Chapter VII – Contemplation
When a soul offers the gift of self, humility, silence: these not only surrender the soul to the direct action of God, but exercise an almost irresistible pressure on the divine liberty, forcing God as it were to intervene in the spiritual life of the soul through the gifts of the Holy Ghost. Father Marie-Eugene uses the teachings of St. Teresa of Jesus and St. John of the Cross to guide us in this mystical theology by giving us the solid principles and firm bases to understand the inner workings of the Holy Ghost in contemplation.
A. Contemplation in General
The intervention of God in the spiritual life will usually first occur in the direct relations of the soul with God in prayer. It will transform prayer into contemplation.
St. Thomas defines contemplation as “a simple gaze on truth”. The Carmelites add: “A simple gaze on truth, under the influence of love.” It is love that moves the mind to gaze upon truth; love simplifies that gaze and fixes it on its object. In supernatural contemplation, it is through love that the soul knows, and not by the clearness of the light. The fruit of contemplation is an increase of love.
Its First Forms
St. Teresa begins to speak of this in the Fourth Mansions of the Interior Castle. She states that genuine contemplation is an act of knowledge and simple gaze on truth under the influence of love.
This contemplation bears on sensible realities and is made through the senses which produces an aesthetic emotion. It is a lower form of contemplation. An example given by Father Marie Eugene is contemplation occurring at an oceanside. As the senses are filled with the awe of God’s majesty, the soul is enriched with impressions which may have a profound intellectual and moral influence on the soul’s development.
Intellectual contemplation comes after persevering work in which a solution may be given. Fr. Marie-Eugene uses the example of a philosopher and a scientist where principle and/or law shine out before them. They analyze it, fathom its meaning, marvel at it, love it for all the efforts it represents, for all the light they receive from it, and also for all the promise it has for the future. The philosopher and the scientist take delight in “their” discovery made by God’s grace. Their gaze is synthetic, affective, and simple.
Theological contemplation is a higher form of contemplation. Every Christian whose faith is animated with love can contemplate a dogma of revealed truth or a Gospel scene. Fr. Marie Eugene uses an example of meditating upon the Passion of Jesus in the Garden of Gethsemane. Upon meditating on the minute by minute recreation of this scene in our minds with our hearts full of love and compassion; the soul may be given the grace to understand a supernatural truth that faith makes known. Theological contemplation is supernatural by its object.
B. Supernatural Contemplation
What it is
Supernatural or infused contemplation is the highest form of contemplation. The truth to which this contemplation attains is not the revealed truth of faith which theological contemplation seeks to penetrate, but the divine Truth itself which contains mystery – making it deeper. St. John of the Cross stresses that revealed dogma or dogmatic formulas adapted to the human intellect contain under its silvered surfaces the gold of divine Truth itself for those who believe.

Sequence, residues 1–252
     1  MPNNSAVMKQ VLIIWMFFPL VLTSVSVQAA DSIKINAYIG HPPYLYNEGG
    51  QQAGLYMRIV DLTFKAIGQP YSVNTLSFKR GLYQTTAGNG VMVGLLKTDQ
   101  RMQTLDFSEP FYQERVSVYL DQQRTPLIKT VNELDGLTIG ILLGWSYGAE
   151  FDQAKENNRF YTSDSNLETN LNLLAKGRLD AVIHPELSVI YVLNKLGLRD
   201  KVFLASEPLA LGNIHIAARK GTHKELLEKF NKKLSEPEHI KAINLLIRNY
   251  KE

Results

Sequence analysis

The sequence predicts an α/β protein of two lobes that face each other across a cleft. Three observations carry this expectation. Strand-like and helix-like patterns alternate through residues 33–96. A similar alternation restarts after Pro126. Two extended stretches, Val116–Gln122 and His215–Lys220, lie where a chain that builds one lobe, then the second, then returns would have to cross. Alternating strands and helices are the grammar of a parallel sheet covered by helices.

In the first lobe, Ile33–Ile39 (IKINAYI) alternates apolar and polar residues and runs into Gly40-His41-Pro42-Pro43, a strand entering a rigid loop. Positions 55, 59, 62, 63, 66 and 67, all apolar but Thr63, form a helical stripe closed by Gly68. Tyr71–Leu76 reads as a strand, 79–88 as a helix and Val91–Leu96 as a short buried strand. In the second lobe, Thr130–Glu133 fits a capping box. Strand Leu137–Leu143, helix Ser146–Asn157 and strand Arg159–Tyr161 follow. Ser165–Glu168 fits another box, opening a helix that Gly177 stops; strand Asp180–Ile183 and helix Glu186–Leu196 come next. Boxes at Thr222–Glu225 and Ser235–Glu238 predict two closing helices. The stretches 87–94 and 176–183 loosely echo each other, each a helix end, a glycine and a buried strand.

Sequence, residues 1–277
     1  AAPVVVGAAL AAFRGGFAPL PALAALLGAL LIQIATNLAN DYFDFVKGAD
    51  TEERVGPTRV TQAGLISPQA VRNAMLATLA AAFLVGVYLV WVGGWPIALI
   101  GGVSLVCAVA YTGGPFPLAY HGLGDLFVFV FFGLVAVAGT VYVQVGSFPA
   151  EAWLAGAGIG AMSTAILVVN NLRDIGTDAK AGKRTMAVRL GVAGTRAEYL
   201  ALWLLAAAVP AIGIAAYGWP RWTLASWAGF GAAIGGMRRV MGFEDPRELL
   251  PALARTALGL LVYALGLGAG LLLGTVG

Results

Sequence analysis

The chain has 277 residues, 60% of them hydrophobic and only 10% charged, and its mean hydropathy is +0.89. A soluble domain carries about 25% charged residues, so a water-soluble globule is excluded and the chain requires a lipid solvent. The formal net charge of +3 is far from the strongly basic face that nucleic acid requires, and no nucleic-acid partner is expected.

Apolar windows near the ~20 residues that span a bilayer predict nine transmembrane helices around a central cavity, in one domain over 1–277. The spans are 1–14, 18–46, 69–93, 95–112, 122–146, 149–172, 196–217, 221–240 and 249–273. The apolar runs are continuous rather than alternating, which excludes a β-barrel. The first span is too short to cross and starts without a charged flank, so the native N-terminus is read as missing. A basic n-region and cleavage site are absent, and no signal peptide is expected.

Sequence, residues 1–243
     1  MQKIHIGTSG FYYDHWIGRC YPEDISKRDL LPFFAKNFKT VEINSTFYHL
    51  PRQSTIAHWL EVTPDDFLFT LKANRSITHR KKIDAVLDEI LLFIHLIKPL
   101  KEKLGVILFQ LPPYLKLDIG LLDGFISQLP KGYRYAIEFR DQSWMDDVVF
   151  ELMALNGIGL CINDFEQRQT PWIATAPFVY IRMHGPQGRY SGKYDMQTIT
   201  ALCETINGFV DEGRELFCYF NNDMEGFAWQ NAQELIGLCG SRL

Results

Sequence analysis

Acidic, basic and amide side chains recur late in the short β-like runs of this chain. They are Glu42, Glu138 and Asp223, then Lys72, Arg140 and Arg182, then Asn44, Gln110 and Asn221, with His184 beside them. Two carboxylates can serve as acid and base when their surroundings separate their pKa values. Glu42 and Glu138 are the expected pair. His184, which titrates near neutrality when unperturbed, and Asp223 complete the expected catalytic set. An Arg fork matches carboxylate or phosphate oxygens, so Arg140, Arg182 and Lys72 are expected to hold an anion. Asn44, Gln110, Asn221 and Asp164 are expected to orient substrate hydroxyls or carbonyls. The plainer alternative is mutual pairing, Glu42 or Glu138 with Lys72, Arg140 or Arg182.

Into this divine Truth – life, light, essence of God – faith, penetrates, as into its proper object, each time that it posits an act. Love is essential to it. Love is at the beginning of the movement of faith towards divine Truth. It is through love that God intervenes to hold faith to its divine object; and it is through the gifts of the Holy Ghost that those “capacities engendered in the soul by the love of charity,” that the divine intervention takes place. It is from the contact of love that contemplative knowledge proceeds. Love not only simplifies the gaze of the soul; it engenders knowledge. Love attains to contact with God; and in this contact it is enriched with the experience of God Himself!
Contemplation is the science of love, the “secret wisdom which is communicated and infused into the soul through love.” (Dark Night, p. 456) It proceeds from love, progresses by steps of love, and reaches its perfection in the perfection of union, realized by love.
Effects of Supernatural Contemplation
The effects of supernatural contemplation are very deep and extremely varied. They differ for each degree of union and each grace. Fr. Marie Eugene points out that it is indeed true that contemplation brings precious lights, but that these effects are not what St. John of the Cross was seeking. He was only seeking true union with God. He stresses that we must be detached from them or they will make our progress delayed. (I will add here outside of what is in this chapter that the new “Charismatic Renewal” with all of its gifts and experiences tend to go contrary to what is being taught here. To want to speak in tongues; to experience mystical gifts; is to seek delays in ones progress of true union with God. We are not in it for the gifts -- but the Giver.) St. John of the Cross has only one desire and asks for one thing of supernatural contemplation; that it may lead him to perfect union, to transforming union by a co-naturality of love. Supernatural contemplation penetrates even to divine Truth, has contact with God Himself, the uncreated Light, the all-consuming Fire, the limitless Ocean, the Sun with burning rays. It keeps the soul united with Him, and submits it to the enriching and transforming action of the Infinite. In supernatural contemplation the soul, like a mirror exposed to the rays of the sun, is all aglow with the light of the divine Sun that shines upon souls; like a sponge immersed in the ocean, it is permeated with pure waters from the Fountain of living water; like the log thrown into a fire, it too is transformed into fire by the all-consuming Fire which is God.